It’s been more than a month since James “Tony” Scott was shot and killed by police in east Bismarck.
His wife, Jamie Scott, wants answers.
She knows what the public knows. A Bismarck officer fired his gun at Tony Scott after he allegedly threatened a man with a shotgun.
But she couldn’t tell you where exactly he was shot, where he died or what police were thinking, because law enforcement is not required to give out most information relating to active criminal investigations. For Jamie Scott, that fact is agonizing.
“I would like to know what happened to make them shoot an unarmed man,” she said.
Tony Scott left the shotgun inside the building before he ran, though police might not have known that at the time.
Law enforcement officials can withhold information during an investigation if they feel releasing it would jeopardize the case, though they are aware that doing so can be trying for families.
Around 10 a.m. the day after the shooting, Jamie Scott, of Mandan, and her mom met with two Bismarck officers and a chaplain. They gave her the details they gave the public. She asked followup questions, like how many times he was shot, she said, and got few answers.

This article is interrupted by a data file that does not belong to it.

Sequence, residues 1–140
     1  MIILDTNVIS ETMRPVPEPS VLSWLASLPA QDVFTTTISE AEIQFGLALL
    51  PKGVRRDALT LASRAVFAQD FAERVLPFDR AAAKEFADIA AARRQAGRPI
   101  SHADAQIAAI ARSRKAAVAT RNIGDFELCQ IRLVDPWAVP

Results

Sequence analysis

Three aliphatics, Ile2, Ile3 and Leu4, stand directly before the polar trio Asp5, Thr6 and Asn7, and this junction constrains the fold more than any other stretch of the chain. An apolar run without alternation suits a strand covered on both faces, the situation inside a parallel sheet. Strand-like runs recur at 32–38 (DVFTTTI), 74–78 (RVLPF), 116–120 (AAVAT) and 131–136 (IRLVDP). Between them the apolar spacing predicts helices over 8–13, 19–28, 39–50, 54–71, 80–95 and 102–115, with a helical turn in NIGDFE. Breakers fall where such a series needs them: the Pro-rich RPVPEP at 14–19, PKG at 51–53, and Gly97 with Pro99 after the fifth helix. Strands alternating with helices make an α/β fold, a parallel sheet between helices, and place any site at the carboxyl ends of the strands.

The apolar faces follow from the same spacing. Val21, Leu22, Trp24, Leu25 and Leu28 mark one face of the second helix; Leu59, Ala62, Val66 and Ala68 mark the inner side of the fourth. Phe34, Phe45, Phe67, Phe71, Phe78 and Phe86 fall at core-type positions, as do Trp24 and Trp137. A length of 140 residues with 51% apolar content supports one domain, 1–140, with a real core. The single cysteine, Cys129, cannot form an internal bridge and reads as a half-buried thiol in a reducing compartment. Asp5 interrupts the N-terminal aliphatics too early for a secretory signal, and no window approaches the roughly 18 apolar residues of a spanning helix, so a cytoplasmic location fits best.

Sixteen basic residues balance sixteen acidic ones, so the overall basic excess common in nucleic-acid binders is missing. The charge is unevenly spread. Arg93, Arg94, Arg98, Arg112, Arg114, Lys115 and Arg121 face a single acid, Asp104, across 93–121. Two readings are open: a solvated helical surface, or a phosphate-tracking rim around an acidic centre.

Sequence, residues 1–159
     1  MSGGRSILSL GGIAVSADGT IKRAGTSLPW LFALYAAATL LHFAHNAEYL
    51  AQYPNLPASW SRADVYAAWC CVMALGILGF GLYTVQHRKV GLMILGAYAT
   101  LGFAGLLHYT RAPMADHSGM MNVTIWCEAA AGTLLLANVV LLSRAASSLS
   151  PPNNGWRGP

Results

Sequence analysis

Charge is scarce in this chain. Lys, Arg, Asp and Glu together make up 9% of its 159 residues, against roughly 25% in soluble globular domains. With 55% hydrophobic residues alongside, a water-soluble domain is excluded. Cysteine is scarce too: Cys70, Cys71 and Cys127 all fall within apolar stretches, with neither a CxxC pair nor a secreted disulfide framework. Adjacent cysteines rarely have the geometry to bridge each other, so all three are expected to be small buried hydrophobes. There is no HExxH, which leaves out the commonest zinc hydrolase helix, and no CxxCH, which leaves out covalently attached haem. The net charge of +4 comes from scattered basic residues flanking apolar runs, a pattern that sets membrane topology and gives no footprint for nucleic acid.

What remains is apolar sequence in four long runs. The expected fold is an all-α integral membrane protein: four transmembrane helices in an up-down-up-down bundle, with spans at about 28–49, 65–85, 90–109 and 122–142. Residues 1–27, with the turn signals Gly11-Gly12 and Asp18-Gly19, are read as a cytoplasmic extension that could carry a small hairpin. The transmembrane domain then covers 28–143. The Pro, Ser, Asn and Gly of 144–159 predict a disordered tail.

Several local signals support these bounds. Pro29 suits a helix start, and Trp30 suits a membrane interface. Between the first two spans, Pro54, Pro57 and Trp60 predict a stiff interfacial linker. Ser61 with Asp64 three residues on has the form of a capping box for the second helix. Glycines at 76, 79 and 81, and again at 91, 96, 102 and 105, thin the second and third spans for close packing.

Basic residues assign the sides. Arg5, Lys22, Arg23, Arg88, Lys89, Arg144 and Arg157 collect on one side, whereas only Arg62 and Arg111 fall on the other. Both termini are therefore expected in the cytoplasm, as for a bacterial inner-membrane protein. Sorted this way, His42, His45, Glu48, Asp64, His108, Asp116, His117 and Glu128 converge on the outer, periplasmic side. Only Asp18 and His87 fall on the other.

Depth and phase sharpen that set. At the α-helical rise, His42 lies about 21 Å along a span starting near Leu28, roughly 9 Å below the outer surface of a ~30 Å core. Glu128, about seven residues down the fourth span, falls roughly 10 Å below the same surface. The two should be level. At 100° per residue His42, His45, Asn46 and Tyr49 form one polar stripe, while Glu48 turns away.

She found out he was shot three times by looking under his hospital gown at the funeral home.
She was not at home the night of the shooting, and she came back the next day to find her house had been searched. Lt. Patrick Haug said Mandan Police wanted to make sure she was safe.
That afternoon, Tony Scott’s name was all over the news.
Later, state agencies sent copies of his death certificate, which specifies his cause of death as “homicide” and the source of the injury as “shot by another individual with a .223 caliber rifle,” as well as evidence logs for property collected from the crime scene that night, including cigarettes, a lighter and keys.